The Human Brain - Wonders and Disorders: My Collected Works in Neuroscience Research (2018-2020) (Paperback)
(PLEASE NOTE: This book cannot be returned!)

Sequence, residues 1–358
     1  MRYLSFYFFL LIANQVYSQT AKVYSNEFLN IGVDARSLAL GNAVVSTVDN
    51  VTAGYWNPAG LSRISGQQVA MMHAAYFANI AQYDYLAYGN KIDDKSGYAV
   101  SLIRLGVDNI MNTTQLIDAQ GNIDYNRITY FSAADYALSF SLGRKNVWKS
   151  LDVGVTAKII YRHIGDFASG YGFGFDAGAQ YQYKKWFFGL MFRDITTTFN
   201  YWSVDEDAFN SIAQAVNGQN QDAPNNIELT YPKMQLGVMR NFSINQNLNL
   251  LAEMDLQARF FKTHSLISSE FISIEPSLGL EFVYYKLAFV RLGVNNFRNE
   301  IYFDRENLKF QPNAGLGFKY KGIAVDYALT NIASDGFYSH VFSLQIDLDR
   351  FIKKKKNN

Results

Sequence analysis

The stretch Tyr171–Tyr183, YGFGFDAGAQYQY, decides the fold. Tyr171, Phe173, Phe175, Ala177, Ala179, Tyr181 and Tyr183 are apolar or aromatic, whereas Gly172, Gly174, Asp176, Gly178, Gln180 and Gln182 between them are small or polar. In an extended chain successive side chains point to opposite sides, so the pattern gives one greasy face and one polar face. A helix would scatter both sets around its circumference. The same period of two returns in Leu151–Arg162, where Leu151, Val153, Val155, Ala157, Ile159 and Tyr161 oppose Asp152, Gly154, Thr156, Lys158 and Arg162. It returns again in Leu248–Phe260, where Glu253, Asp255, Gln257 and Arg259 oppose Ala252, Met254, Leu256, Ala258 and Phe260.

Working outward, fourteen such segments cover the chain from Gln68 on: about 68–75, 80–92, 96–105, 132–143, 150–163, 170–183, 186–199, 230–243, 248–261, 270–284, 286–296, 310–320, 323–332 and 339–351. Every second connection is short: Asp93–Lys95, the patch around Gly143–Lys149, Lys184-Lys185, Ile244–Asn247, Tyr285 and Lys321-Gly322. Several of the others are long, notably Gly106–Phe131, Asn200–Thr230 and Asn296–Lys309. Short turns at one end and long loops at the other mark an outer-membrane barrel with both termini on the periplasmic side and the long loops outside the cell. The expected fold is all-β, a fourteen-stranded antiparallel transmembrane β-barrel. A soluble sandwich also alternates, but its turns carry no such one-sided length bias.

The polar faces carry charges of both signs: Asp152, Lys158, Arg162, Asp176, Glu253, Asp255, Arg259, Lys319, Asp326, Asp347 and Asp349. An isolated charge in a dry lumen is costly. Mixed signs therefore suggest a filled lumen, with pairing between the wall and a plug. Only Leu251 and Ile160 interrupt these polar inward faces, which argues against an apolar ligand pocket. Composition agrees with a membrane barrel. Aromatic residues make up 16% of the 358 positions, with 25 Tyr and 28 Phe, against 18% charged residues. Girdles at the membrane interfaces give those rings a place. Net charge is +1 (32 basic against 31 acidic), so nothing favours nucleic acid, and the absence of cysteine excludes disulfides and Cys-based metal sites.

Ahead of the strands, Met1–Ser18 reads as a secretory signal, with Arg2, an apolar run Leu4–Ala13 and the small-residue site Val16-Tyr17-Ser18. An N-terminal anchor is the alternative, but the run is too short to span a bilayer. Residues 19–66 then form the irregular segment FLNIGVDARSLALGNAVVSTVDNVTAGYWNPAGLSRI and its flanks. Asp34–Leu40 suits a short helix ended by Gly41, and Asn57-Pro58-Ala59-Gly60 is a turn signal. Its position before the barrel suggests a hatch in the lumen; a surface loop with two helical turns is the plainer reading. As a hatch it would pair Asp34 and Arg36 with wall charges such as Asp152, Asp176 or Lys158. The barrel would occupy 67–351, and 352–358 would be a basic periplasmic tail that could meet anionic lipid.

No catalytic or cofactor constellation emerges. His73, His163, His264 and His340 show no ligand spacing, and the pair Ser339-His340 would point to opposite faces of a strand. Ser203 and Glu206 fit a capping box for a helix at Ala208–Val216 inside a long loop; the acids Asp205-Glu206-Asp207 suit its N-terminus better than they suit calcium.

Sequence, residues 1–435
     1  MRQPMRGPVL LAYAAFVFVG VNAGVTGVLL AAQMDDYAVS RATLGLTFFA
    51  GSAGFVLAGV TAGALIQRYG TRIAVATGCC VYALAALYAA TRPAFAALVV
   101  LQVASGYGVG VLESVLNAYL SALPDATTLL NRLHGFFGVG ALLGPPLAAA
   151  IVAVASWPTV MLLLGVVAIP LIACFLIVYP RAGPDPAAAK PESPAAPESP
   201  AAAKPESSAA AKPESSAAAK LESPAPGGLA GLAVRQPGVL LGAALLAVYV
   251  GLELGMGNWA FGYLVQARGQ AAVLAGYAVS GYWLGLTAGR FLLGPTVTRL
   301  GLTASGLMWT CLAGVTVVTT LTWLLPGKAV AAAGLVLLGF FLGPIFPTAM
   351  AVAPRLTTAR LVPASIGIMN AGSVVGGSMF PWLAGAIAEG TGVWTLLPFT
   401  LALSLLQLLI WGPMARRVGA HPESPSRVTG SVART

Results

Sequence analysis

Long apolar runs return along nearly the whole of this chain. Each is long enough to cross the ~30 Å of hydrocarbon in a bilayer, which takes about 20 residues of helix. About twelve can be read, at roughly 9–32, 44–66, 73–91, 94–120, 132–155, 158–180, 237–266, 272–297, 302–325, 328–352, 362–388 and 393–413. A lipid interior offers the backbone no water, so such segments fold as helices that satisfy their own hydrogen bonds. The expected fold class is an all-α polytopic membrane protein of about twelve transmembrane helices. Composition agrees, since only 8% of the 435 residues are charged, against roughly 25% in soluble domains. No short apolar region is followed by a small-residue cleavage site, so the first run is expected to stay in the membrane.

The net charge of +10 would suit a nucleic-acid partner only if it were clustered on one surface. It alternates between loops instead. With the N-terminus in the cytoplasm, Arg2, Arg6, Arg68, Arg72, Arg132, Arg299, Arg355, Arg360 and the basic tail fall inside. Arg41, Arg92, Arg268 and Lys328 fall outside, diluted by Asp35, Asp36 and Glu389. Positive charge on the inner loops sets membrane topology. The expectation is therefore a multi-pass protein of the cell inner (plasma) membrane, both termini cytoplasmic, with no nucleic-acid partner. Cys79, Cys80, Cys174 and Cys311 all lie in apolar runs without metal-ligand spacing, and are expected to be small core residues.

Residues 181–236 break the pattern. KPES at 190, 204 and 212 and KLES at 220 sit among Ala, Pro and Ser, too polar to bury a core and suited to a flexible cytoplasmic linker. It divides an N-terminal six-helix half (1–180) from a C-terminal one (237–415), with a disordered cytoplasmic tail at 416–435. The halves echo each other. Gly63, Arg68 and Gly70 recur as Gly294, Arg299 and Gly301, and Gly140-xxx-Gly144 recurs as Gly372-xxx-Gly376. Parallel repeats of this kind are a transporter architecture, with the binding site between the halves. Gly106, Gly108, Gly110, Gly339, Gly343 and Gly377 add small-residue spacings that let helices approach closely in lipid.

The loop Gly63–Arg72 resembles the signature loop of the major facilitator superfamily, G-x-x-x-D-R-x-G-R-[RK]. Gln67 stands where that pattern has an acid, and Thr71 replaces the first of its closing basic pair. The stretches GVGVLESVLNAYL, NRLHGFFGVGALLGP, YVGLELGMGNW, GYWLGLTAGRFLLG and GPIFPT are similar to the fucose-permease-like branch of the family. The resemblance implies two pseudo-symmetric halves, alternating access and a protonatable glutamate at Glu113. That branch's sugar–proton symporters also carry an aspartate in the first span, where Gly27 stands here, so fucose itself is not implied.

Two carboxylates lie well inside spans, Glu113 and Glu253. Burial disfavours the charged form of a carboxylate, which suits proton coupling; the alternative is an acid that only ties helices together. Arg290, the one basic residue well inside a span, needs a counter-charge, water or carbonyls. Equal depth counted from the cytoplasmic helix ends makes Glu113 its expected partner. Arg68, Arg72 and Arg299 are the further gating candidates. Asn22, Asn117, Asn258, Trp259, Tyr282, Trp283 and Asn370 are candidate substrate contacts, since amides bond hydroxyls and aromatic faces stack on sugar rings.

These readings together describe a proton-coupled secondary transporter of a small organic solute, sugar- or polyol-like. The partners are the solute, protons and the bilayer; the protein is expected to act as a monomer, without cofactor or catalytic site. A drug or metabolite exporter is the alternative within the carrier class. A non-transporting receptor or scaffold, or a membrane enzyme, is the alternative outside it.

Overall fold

Our earliest recorded history of brain diseases dates back to the neolithic period (12,000 BCE) when trephination (or trepanation) was practiced by diverse societies. Although begun in prehistory, trephination did not disappear as human society progressed. Trephined skulls were found in ancient regions of the Middle East, Europe, and China. Even today, a different form of the world's oldest surgery (craniotomy) is sometimes performed by modern brain surgeons; for instance, to remove a brain tumor or treat an aneurysm. However, unlike trephination, which results in a permanent hole in the skull, the modern process requires the replacement of the removed bone fragment after the brain surgery is completed. As an entity, the brain was already known in Ancient Egypt as evidenced by an Egyptian hieroglyph dating back to 1700 BCE. A papyrus (acquired by Edwin Smith in Luxor in 1862), prepared a century later, is the world's oldest surviving surgical document. While it describes in exquisite details anatomical observations, examinations, diagnoses, treatments, and prognoses of 48 types of medical and brain problems, it did not reveal any Ancient Egyptian attempt at brain surgery. Skipping over the intervening centuries, I aim in this book to share with the reader not only the disorders of the human brain but also its wonders as fathomed during these modern times. I hope the journey will be an informative and enjoyable one.